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Coffee House

Len McCluskey: Unite could start donating to other parties

1 April 2014

3:28 PM

1 April 2014

3:28 PM

Len McCluskey spoke to the press gallery lunch on April Fools’ Day. It would have been more fitting had the Unite leader not been such an impressive, witty, and thorough speaker. And much of what he said wasn’t very jokey at all: Ed Miliband, I suspect, will not be chuckling away as McCluskey’s remarks are relayed to him.

The Unite leader told the Press Gallery that there could be a situation where his union votes to change its rules so that it can donate to political parties other than Labour. Labour, he told the listening hacks, is ‘at a crossroads’ and he fears for its future if the party loses in 2015:

‘Only if we change our rules, within Unite’s rules, we are affiliated to the Labour party. We cannot give any financial support to any other political party. So the rules within Unite would need to be changed, not by Len McCluskey – I know some of your papers think I have this huge power to flick switches on and off – but by our rules conference. Can I ever envisage a rules conference voting to disaffiliate from Labour? I can, I can, and that’s a challenge to Ed Miliband because I believe the Labour party is at a crossroads, this is a watershed, Labour consistently has to demonstrate that it is our voice, we created it. At the beginning of the last century, ordinary working people sat down… to create a party of labour so that we had a voice in the political arena.

‘Is Labour still that voice? I’m hoping the answer to that is yes, but we are at a stage in politics at the moment where just bumbling along in the old ways is not going to happen any more. People will put those questions under deeper scrutiny. And unless Ed and the Labour leadership demonstrate that they are on the side, just as Johann Lamont and Scottish Labour have got their task, then I can envisage a debate taking place if Labour lost the election next May I fear for the future of the Labour party and so these are serious debates at this point in time in our history we have to kind of consider all of those issues, at the moment, though that’s not on our agenda.’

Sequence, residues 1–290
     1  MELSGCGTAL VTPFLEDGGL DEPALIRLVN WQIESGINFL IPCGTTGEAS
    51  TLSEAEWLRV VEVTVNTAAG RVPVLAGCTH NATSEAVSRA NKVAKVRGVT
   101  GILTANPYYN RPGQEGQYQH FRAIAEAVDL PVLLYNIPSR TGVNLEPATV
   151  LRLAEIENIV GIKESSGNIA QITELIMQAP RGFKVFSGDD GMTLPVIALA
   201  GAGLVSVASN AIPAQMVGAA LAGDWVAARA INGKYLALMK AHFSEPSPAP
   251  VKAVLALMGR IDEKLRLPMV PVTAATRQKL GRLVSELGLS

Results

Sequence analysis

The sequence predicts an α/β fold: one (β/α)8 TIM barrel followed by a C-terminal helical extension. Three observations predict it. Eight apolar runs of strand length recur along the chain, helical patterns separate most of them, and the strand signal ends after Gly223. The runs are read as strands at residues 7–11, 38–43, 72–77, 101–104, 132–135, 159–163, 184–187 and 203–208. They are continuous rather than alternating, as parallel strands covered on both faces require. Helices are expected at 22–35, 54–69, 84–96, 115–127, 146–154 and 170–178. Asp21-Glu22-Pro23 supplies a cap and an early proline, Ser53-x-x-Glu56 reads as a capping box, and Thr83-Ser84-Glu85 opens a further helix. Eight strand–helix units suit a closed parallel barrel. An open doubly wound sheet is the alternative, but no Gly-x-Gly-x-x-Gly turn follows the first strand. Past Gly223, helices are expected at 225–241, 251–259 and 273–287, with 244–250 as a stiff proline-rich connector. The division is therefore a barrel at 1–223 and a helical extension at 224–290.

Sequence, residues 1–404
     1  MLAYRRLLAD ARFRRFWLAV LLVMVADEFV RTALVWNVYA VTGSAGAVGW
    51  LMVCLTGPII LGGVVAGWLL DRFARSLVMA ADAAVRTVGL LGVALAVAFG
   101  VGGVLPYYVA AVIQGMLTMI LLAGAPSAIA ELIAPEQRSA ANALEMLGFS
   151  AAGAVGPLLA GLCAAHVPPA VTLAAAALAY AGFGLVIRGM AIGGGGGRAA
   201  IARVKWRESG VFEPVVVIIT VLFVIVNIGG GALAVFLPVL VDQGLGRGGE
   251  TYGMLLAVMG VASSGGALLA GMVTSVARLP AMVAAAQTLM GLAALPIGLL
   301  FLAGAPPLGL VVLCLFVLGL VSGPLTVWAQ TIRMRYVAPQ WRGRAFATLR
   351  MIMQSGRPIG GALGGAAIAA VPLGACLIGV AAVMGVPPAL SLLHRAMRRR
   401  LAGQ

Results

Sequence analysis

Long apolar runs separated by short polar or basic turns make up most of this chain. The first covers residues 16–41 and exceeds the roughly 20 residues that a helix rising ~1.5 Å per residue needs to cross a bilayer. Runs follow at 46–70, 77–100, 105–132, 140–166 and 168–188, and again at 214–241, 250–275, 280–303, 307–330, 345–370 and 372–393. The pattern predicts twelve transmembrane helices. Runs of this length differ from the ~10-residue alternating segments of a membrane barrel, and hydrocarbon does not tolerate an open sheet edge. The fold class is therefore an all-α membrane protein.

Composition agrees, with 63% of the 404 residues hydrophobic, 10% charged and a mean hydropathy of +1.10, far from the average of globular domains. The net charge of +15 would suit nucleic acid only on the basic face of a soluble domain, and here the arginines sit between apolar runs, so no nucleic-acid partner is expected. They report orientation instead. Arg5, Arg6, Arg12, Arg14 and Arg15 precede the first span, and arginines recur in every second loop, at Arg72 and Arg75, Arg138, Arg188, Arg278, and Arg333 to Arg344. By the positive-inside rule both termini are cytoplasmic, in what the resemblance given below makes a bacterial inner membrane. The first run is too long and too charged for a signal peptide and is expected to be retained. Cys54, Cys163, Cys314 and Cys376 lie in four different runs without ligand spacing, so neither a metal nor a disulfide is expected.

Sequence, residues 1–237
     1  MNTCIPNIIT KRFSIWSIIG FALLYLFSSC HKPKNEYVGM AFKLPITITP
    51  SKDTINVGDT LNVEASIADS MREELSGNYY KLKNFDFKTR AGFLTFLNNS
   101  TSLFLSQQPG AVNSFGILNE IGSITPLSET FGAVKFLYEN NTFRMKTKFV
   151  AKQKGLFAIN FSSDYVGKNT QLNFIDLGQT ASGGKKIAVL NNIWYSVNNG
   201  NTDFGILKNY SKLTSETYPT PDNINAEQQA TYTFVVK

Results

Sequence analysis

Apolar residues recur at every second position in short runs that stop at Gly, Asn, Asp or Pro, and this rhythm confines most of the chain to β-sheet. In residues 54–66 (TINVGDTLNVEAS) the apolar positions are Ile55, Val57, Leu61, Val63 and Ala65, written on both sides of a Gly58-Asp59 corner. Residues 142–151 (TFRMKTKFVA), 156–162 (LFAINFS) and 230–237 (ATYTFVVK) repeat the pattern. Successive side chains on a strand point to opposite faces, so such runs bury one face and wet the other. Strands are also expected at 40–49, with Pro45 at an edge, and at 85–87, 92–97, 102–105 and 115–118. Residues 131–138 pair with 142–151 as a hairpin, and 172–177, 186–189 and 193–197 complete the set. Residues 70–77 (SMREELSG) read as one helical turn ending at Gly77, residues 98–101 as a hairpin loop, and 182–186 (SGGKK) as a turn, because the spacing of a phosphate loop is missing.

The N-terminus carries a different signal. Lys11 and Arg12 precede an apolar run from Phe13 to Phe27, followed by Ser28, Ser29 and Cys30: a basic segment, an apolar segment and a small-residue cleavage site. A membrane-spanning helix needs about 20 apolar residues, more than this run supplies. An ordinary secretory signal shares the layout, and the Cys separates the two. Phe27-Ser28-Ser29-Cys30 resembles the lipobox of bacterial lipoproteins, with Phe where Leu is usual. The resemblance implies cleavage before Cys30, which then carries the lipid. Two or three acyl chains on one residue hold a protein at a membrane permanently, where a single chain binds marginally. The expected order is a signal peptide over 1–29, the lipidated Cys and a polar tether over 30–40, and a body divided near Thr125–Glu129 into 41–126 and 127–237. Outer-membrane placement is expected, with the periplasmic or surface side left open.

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Which parties could those be? Well, McCluskey made clear to the lunch that Labour could not offer a ‘pale’ version of austerity and that it had to be radical: he said, half-jokingly that he’d only join a Miliband cabinet if it were ‘radical’ and if the Labour leader asked him personally. But he also explained that Unite had not taken an official position on Scottish independence because to do so would split the union in half: many of its members support the SNP. So perhaps Alex Salmond’s party would feature in that debate about funds.

He gave the strangest of answers to a question about whether he had confidence in Douglas Alexander as Labour’s election chief, saying: ‘He’s our leader.’ He then pulled a face. Everyone else in the room pulled a face as they wondered whether, rather than brief that he should be sacked as some of Alexander’s colleagues have in the past few days, McCluskey was promoting him.

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